Running your first marathon is a massive life event – completing 26.2 miles on foot is a testament to your dedication, your training, your grit, and your athletic prowess.
No matter how many miles you clock during your training, the decisions and actions you take on race day itself can make the difference between a great, or terrible, race.
A great first marathon result is a combination of a well-prepared body, and a strategic approach to the race.
With that in mind, here are my 7 top strategies for your first marathon, to help you survive – if not thrive!
Table of Contents
1. Have a Start Line Plan
Before you even arrive at the race location for your first marathon, you want to know exactly what your plans are at the start line.
Start lines can be big, busy, confusing places with huge lines for portaloos and bag drop services, and confusion and anxiety as to where you’re actually meant to go when the race starts.
Here are some of my tips for your start line strategy:
- Arrive with an abundance of time, if the logistics allow for it. It’s safe to assume that most runners plan to arrive around 30 minutes before the race begins, and in bigger races this can cause a huge influx of people that overwhelms the facilities. Try to get there 15-20 minutes before the crowd so you’ve got time to do anything you need to (bib pick-up, toilet visit, bag drop) and to figure out where the start line is.
- Plan to visit the bathroom, at least once. Race nerves get to every runner, whether it’s your first marathon or your 50th. So even if you go to the bathroom 30 minutes before the start, you’ll probably need to go again 10 minutes before the gun goes off. Keep an eye on bathroom lines and listen to your bladder, but in general, take advantage of the facilities before the race starts.
- Warm-up gently in the 15-20 minutes before the starting gun fires. Things like light jogging, jumping on the spot, and dynamic stretching can help to waken up those stiff, sleepy muscles – especially if you have an early-morning start. Just be aware that the effects of a warm-up are only good for about a quarter-hour, so don’t perform them too far in advance.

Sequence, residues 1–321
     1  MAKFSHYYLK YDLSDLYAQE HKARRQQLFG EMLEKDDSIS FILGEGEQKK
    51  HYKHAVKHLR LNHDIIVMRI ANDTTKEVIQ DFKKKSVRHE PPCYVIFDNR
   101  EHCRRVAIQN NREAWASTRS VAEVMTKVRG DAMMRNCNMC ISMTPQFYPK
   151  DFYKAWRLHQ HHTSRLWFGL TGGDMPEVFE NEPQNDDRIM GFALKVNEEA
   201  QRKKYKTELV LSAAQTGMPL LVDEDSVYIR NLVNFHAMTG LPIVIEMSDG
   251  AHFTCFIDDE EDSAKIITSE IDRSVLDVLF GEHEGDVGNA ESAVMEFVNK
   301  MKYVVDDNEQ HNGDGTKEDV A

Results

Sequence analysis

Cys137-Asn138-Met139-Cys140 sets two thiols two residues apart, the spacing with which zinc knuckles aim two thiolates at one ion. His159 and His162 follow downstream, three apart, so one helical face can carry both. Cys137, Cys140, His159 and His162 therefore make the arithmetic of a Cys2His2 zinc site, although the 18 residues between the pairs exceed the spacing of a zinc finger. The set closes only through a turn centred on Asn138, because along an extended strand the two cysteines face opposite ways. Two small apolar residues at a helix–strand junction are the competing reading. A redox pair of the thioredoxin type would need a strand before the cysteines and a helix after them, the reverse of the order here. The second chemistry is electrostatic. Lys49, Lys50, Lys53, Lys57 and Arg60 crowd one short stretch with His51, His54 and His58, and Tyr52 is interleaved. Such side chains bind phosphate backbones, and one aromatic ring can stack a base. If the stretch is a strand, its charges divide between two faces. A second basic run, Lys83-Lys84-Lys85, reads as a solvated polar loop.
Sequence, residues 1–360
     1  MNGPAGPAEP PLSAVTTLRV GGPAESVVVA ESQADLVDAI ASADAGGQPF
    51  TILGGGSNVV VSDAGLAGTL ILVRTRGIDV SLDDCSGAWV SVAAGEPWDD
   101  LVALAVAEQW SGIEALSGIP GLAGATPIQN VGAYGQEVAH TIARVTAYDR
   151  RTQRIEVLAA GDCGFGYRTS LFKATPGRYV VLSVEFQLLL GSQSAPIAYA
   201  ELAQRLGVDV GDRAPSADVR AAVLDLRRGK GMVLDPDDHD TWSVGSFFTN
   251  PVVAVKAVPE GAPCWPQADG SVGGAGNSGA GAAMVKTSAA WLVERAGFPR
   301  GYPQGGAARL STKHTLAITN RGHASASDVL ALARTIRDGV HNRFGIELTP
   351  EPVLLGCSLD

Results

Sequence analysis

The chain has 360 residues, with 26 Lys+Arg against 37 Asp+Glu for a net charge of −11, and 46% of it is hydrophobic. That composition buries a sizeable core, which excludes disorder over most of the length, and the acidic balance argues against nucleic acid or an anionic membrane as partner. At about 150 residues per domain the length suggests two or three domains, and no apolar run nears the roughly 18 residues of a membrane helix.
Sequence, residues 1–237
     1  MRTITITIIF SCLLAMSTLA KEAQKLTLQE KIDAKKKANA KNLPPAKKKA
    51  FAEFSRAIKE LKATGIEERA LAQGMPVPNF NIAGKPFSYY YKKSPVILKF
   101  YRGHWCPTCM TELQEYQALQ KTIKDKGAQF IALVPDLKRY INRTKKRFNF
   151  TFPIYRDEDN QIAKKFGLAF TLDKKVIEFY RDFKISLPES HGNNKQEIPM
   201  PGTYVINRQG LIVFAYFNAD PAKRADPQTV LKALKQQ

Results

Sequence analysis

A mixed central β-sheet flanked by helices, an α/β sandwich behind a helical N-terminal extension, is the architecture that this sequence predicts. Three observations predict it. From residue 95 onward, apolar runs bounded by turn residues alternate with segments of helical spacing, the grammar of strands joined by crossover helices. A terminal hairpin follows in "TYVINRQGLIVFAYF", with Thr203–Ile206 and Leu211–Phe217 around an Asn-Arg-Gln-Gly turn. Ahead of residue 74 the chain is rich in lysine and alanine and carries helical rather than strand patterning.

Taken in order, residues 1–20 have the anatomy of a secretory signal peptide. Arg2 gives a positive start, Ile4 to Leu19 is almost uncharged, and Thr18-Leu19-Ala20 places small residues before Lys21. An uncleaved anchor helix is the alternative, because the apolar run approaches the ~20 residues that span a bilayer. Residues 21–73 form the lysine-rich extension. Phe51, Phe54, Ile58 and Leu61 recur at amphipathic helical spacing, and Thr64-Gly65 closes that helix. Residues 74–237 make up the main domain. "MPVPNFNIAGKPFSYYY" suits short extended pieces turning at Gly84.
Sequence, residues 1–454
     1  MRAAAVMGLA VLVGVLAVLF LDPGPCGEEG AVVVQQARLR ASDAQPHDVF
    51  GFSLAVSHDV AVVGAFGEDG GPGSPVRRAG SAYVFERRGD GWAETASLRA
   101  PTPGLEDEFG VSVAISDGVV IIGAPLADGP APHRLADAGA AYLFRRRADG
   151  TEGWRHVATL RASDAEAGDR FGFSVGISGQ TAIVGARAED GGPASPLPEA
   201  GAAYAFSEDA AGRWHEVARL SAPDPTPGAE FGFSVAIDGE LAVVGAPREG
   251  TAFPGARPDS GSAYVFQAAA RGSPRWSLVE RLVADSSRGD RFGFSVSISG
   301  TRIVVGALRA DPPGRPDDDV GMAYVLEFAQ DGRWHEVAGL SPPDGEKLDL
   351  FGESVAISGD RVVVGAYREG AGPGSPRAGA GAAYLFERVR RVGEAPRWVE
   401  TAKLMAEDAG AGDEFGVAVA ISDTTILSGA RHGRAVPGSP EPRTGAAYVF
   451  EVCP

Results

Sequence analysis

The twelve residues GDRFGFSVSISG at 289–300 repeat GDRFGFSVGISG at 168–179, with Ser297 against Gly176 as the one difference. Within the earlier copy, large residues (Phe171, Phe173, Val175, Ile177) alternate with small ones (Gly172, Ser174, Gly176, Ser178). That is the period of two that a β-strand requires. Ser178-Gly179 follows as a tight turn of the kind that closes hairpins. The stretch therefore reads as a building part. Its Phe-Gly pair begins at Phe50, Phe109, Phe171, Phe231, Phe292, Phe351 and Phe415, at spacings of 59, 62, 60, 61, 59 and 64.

- Most medium to large city marathons have different starting pens to group runners with others of a similar ability. Make sure you’re aware of which starting pen you’re assigned to, and figure out how to get there.
TIP: try to make your way towards the front line of your starting pen, especially in a big marathon. That way you’re less likely to be held up behind other runners when the race starts.
- Chug your pre-race snack (energy gel, for example) 15 minutes before the starting gun. Most of these sports nutrition products take around 15 minutes to actually digest and kick in (refer to the label for exact timings).
- Get your GPS watch ready; it’s very easy to forget all about it when the race begins, and then only realize you missed it a few hundred meters down the road. Keep your finger over the START button, but don’t push it until you cross the start line (forget about when the starting pistol goes off, that’s the gun time. Your time is measured by a timing chip, and begins when you physically cross the start line).
2. Don’t Go Out Too Fast
This is my most important recommendation – especially for first-time marathon runners – in terms of things you can get right or wrong on race day.
The simple truth is that in any given marathon, most runners go out too fast.
It can be hard to avoid, and it’s something I’ve certainly been guilty of.
After months of preparation, your legs have never been more poised in their life. The big day arrives, and the infectious energy and anticipation at the start line flows into your bloodstream.
By the time the starting pistol fires, your brain is firing with adrenaline – making every step feel light and free.
It feels like you’re gliding rather than running, and it’s easy. You get the sensation that you could go even faster, so why not?
Warning: this is an enormous error!!!
The faster you go at the start of the race, the more you’ll suffer in the later stages.
So, how fast should you run?
This brings me to my next point…